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How much notice should you give a tenant for a rent increase?

rent increase notice
by Jeff Rohde, posted in Investment Strategy

Single-family rent price growth in the U.S. recently hit another record, increasing by 12.6% year over year. According to a press release from CoreLogic (March 15, 2022), all major metro areas covered by the company experienced year-over-year rent increases.

That means the question many landlords will face is not if the rent should be increased, but when. In this article, we’ll review how much notice to give a tenant for a rent increase, list free online tools for determining fair market rent, and discuss what to include in a rent increase notice.

Key takeaways

  • Landlords are generally required to notify tenants of rent increases 30 to 60 days before the end of the lease.
  • Local and state landlord-tenant laws may regulate how much notice is required for a rent increase.
  • Landlords often use rent comparables and online tools to determine the fair market rent before sending notice of a rent increase.

When can a landlord increase the rent?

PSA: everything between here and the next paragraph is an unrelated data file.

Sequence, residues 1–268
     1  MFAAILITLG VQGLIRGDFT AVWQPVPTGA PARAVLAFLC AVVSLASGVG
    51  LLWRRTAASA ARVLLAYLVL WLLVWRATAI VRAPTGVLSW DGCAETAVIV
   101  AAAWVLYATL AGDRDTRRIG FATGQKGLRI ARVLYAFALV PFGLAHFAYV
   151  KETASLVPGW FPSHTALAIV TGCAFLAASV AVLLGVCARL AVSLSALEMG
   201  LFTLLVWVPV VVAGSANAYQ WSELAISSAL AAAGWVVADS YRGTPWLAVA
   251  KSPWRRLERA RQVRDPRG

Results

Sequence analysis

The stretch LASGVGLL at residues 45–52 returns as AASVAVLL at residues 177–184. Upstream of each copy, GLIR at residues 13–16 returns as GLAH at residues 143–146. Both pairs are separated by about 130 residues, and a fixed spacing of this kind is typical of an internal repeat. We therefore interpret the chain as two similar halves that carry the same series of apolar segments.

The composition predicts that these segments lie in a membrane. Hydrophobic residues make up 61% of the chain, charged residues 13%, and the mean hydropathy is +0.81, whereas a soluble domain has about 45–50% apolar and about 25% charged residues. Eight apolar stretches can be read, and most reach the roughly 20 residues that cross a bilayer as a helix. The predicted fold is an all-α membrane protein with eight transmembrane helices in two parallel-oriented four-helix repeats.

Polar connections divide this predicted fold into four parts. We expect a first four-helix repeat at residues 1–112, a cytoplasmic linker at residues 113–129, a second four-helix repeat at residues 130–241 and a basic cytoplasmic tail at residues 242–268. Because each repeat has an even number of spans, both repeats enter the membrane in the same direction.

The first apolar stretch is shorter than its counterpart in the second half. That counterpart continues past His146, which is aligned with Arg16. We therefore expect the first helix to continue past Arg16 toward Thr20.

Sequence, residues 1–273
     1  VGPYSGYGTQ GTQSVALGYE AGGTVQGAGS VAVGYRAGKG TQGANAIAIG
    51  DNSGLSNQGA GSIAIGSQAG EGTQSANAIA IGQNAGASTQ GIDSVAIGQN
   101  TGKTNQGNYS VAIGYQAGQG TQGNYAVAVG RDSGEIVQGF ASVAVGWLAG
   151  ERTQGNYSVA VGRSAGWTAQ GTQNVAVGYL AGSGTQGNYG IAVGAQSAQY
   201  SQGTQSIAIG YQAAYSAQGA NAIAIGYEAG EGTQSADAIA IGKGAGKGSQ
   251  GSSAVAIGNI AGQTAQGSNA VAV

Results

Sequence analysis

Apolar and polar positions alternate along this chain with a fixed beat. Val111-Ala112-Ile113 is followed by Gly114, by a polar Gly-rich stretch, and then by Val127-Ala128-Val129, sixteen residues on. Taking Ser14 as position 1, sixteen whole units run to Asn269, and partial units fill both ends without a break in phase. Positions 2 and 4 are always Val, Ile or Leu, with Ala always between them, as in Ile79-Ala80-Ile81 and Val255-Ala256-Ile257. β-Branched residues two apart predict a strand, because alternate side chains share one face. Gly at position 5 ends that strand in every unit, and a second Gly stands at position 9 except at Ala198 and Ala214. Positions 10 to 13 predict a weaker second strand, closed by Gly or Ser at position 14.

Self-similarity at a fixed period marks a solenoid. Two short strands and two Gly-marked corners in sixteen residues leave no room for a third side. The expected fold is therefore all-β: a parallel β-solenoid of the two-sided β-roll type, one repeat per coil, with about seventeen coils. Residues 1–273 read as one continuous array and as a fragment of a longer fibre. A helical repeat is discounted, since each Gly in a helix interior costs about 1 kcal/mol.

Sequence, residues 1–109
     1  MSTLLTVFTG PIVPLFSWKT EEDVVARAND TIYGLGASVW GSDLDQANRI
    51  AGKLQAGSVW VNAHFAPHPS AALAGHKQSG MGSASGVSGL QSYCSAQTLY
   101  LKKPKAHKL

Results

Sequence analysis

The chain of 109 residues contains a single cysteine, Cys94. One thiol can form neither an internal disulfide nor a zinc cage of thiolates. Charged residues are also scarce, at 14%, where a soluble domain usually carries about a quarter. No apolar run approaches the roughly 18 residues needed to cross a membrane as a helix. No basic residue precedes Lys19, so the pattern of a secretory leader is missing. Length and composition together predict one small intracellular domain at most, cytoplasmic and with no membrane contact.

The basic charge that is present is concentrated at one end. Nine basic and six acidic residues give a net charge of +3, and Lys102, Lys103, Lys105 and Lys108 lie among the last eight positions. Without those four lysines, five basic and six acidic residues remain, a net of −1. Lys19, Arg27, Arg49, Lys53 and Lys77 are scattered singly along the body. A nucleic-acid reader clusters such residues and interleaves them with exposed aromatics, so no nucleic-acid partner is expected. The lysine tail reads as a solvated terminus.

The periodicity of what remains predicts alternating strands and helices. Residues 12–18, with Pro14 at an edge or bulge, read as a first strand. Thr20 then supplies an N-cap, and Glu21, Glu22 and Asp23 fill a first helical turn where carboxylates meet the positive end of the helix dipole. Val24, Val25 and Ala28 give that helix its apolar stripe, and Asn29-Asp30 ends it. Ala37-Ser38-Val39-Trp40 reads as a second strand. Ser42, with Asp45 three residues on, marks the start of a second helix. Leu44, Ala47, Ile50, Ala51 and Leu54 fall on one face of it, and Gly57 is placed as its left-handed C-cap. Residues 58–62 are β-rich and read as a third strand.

When a landlord can increase the rent depends on the type of lease and local and state landlord-tenant laws. 

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If a tenant is on a long-term lease, a landlord typically must wait until the end of the lease to increase the rent. On the other hand, if a tenant is renting month to month, in most cases a landlord must give a tenant a 30-day notice prior to the beginning of the month the rent increase will go into effect. 

How much notice is required for a rent increase?

Local and state landlord-tenant laws regulate how much notice must be given to a tenant before the rent can be increased. 

The legal resource website maintains a page with links to the landlord-tenant laws for each state. Landlords also may wish to consult with a local residential real estate attorney or property management company to learn more about real estate laws in specific rental property markets.

Here are some general rules to follow when giving a tenant notice that the rent will be increased:

Month-to-month lease

A 30-day notice must be given to a tenant before raising the rent. In most cases, the rent increase notice must be received by the tenant 30 days before the beginning of the month the rent is to be increased. For example, if a landlord wishes to raise the rent on a month-to-month lease beginning August 1, notice must be given to the tenant prior to July 1.

Download a month to month lease template here.

Long-term lease agreement

If a tenant is renting on a long-term lease, such as a one-year or 2-year lease, most states require that a 30- or 60-day rent increase notice be provided to a tenant. That means if a lease expires July 31, notice must be received by the tenant 30 to 60 days before the end of July.